Hydration & Dementia

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ASK DR. MINDY™

MINDY KIM-MILLER, MD, PhD
to learn more about Dr. Mindy click here

Question:

Sometimes my mother does not want to drink water with her meals, and she often seems to forget to drink during the day. How important is it for her to drink more water, and how do I get her to do it?

–Victoria, 47, Chicago

Answer:

Drinking enough fluids every day is very important for good health. Not getting enough fluids can increase one’s risk for complications such as dehydration and constipation.

Elderly people are more prone to dehydration. They have less water content in their bodies (about 60% as opposed to 70% in younger adults), a lowered thirst response, and the kidneys concentrate urine less well with aging. Swallowing problems, poor food intake, and long periods between drinking fluids can increase the risk of dehydration. Some elderly may also be taking medications (such as diuretics or laxatives) that increase fluid loss. Dehydration can have serious medical complications including kidney and heart problems. When dehydration is mild, the skin and insides of the mouth, nose, and eyelids become dry. Persons with dementia may act more confused and sluggish if they are dehydrated. Standing up may make them feel light-headed and they may faint. As dehydration becomes more severe, the body makes less urine, and the urine becomes dark. Severe dehydration can lead to low blood pressure that can be life-threatening. It is very important to maintain a safe level of hydration.
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In the United States, constipation results in about 2 million annual visits to the doctor and is the most common gastrointestinal complaint, especially among the elderly. In someone with dementia, constipation can worsen confusion and often irritability or aggression as well. A major complication of constipation is fecal impaction, which can result in intestinal obstruction, colonic ulceration, overflow incontinence (leakage of stool around obstructing feces), or even diarrhea. Urinary incontinence, urinary retention, urinary tract infections, and fever can also result from constipation. Too much straining during bowel movements may cause problems with blood circulation to the brain, heart, and extremities, which can lead to fainting, strokes, and heart attacks. A rare but serious complication of chronic constipation is megacolon (enlarged, dilated colon), which can lead to pain, fever, shock, and even death.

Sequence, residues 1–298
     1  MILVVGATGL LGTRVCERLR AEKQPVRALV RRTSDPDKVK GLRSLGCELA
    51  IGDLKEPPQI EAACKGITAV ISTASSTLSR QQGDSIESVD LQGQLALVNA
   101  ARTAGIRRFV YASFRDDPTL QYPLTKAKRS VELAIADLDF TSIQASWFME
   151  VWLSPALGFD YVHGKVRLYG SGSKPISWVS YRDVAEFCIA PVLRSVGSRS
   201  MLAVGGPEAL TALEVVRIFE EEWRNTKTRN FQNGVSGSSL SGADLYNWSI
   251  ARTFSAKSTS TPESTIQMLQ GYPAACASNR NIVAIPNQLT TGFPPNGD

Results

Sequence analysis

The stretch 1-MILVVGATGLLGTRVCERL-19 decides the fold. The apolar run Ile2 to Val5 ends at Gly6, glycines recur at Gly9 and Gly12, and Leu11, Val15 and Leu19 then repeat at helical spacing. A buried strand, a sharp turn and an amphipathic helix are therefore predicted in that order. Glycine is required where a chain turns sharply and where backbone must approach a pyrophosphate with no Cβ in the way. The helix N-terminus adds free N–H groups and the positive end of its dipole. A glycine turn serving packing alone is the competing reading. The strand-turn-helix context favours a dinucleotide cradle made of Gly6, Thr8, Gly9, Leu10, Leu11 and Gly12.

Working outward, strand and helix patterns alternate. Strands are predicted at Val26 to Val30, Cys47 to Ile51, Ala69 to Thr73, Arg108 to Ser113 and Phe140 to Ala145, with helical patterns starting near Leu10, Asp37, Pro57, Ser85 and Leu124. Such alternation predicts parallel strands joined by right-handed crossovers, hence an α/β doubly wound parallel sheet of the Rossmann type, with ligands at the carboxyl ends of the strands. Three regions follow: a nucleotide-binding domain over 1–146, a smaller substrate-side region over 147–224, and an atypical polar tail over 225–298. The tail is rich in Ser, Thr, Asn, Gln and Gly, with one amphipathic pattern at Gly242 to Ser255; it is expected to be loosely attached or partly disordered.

You can help prevent constipation and dehydration in your mother by encouraging her to drink every 2 hours during the day (such as water, juices, decaffeinated drinks, clear soup) and eat fruits, vegetables, bran and other whole grains each day. Encourage her to drink something before bedtime. If appropriate, a glass of water should be available by the bedside in case she wakes up thirsty at night. To encourage fluid intake, try adding flavored fluids to the diet such as fruit juices, popsicles, and gelatin desserts. Try to establish schedules for increasing fluid intake and gradually build up to a safe level. Exercise can also help maintain regularity. Remember that with exercise and sweating, the person needs to increase fluid intake to prevent dehydration.

Dr. Mindy Kim-Miller is a trained medical physician who provides useful, but general answers to questions provided by online visitors. While Dr. Mindy can not provide specific medical advice or services, we hope you find her responses useful in your personal education. All information is provided for informational and educational purposes only and is not meant to be a substitute for professional medical advice, diagnosis or treatment. If you suspect you have an illness or disease, or a health related condition of any kind, seek professional medical care with an appropriate health care professional immediately. Do not postpone or delay seeking treatment or disregard professional advice based upon the general answers provided by Dr. Mindy. Dr. Mindy’s advice is not intended to substitute for a visit to your personal physician or other qualified health provider. Any specific medical concerns or questions you may have should be directed to your personal physician or other qualified health provider.

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